Hi, welcome to Redeem the Commute. I’m Ryan, your host for the Daily Challenges. Yesterday we read the story of the Israelites trapped by the Red Sea, having just escaped slavery in Egypt, but now afraid and doubting since they’re in mortal danger.  Moses, their leader, has just told them to not be afraid, do nothing, and be quiet.  Why?  What does he expect God to do?  We’ll find out now:

Then Moses stretched out his hand over the sea, and the LORD drove the sea back by a strong east wind all night and made the sea dry land, and the waters were divided. And the people of Israel went into the midst of the sea on dry ground, the waters being a wall to them on their right hand and on their left. The Egyptians pursued and went in after them into the midst of the sea, all Pharaoh’s horses, his chariots, and his horsemen. And in the morning watch the LORD in the pillar of fire and of cloud looked down on the Egyptian forces and threw the Egyptian forces into a panic, clogging their chariot wheels so that they drove heavily. And the Egyptians said, “Let us flee from before Israel, for the LORD fights for them against the Egyptians.”

Then the LORD said to Moses, “Stretch out your hand over the sea, that the water may come back upon the Egyptians, upon their chariots, and upon their horsemen.” So Moses stretched out his hand over the sea, and the sea returned to its normal course when the morning appeared. And as the Egyptians fled into it, the LORD threw the Egyptians into the midst of the sea. The waters returned and covered the chariots and the horsemen; of all the host of Pharaoh that had followed them into the sea, not one of them remained. But the people of Israel walked on dry ground through the sea, the waters being a wall to them on their right hand and on their left. (Exodus 14:21-29 ESV)

God did have a plan – he helped the Israelites pass through an impossible barrier to their freedom.  He did it in an unmistakeably miraculous manner – with wind dividing the waters, drying the bottom so they could cross.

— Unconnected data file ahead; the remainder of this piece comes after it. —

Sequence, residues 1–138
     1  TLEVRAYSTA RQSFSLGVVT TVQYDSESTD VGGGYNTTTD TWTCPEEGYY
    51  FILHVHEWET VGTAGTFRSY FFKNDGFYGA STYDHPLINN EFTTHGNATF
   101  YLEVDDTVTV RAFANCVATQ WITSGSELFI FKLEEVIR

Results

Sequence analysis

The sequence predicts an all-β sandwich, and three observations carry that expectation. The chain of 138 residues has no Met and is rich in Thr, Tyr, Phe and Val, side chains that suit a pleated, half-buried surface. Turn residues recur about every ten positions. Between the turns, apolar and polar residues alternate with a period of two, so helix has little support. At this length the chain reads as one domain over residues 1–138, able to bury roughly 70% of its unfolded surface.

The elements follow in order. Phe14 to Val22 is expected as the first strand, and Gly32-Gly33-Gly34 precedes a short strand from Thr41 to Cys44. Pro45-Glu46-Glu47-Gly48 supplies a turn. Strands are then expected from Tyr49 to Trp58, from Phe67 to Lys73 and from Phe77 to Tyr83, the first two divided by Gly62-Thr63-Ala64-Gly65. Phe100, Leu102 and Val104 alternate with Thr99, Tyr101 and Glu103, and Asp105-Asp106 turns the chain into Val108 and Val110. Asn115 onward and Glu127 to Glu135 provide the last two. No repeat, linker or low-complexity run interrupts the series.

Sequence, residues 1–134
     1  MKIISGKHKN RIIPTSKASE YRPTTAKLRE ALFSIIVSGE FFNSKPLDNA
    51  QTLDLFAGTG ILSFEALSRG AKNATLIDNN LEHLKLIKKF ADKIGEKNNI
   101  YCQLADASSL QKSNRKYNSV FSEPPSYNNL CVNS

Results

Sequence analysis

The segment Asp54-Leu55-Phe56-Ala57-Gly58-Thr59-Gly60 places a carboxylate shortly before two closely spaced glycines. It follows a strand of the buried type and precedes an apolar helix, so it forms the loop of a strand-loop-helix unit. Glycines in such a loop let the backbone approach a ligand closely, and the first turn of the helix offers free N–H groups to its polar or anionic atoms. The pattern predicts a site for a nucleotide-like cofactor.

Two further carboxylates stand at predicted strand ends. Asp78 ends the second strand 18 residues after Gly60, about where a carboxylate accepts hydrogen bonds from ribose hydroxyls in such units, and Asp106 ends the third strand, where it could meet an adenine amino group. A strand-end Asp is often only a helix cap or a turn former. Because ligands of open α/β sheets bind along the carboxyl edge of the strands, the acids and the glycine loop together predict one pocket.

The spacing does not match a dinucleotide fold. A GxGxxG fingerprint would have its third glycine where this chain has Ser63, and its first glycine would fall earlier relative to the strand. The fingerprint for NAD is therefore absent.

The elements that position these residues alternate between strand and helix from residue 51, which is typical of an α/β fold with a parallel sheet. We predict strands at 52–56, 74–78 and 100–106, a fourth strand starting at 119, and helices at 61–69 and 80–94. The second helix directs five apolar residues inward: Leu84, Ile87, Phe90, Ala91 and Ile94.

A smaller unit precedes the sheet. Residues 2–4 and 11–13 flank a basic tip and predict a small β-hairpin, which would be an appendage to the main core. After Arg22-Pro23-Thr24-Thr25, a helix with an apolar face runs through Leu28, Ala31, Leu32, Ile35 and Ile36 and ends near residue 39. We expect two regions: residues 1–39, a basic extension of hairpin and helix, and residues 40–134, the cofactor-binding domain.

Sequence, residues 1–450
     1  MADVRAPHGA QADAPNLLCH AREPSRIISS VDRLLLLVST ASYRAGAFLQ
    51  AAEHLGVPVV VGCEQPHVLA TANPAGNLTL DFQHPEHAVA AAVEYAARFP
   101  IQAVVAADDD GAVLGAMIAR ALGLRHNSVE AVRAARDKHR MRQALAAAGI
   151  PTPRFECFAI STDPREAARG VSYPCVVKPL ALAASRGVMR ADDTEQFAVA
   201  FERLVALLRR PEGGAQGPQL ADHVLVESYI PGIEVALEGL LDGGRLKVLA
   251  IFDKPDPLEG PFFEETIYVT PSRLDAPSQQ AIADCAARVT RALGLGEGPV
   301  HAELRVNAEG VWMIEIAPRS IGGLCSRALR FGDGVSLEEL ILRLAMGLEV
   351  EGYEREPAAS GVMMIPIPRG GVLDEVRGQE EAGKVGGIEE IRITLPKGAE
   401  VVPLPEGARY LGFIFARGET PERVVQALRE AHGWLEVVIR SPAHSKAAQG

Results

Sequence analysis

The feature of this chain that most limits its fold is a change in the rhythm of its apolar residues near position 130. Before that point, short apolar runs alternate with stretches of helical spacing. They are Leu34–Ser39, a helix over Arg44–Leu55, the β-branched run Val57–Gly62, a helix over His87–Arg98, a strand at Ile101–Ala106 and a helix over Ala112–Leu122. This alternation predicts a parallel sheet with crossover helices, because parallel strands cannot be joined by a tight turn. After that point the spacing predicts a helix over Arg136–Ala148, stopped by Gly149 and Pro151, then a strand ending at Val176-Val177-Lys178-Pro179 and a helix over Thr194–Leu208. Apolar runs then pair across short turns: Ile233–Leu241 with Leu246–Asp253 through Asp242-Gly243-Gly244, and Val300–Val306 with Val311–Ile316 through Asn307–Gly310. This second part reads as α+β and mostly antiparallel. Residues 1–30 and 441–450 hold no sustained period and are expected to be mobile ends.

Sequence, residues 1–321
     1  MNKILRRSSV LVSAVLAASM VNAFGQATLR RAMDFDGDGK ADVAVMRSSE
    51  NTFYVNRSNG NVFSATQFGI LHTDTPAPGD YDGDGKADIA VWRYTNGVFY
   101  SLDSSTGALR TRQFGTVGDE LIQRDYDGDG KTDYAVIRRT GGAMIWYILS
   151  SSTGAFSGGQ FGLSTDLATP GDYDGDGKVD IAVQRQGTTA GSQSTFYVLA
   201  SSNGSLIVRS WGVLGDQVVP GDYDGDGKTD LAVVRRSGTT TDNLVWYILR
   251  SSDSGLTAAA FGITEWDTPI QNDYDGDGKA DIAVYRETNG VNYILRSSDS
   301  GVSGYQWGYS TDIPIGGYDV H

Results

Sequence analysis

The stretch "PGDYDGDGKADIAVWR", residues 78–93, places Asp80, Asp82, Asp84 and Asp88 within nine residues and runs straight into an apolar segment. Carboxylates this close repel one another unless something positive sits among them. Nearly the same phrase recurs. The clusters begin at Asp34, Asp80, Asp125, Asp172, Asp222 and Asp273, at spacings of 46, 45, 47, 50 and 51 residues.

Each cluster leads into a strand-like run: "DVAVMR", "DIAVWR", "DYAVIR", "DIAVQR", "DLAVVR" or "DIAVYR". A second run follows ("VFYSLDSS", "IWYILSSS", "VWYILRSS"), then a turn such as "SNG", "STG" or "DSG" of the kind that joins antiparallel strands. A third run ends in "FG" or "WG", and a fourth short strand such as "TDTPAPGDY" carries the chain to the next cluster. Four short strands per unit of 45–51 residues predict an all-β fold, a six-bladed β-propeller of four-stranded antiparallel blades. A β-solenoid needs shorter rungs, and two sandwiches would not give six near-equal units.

It didn’t last – the moment the Israelites were safe, the Egyptians pursued and drowned.

Why?  What’s he trying to show?

For Pharaoh, this was the end of the line.  He represented everything wrong the world, and us.  We all act like we are gods, even if we wouldn’t use that language.  Pharaoh actually used that language – and would have considered himself a god, and encouraged others to see him that way as well.

In the face of Yahweh’s obvious displays of power in the ten plagues, Pharaoh remains disobedient, cold and ruthless.  He refuses to accept that he is not the master of the universe, or even his own life.

Israelites aren’t all that different, they look like they are being obedient, acknowledging God’s power and wisdom by following his cloud and flame into the desert, but the moment they look to be in danger, they consider turning around, surrendering and becoming slaves again.

With their actions, they show they don’t really trust and believe in God’s love and care for them.

Question: What ways do people today act like God isn’t there, is powerless, or not to be trusted?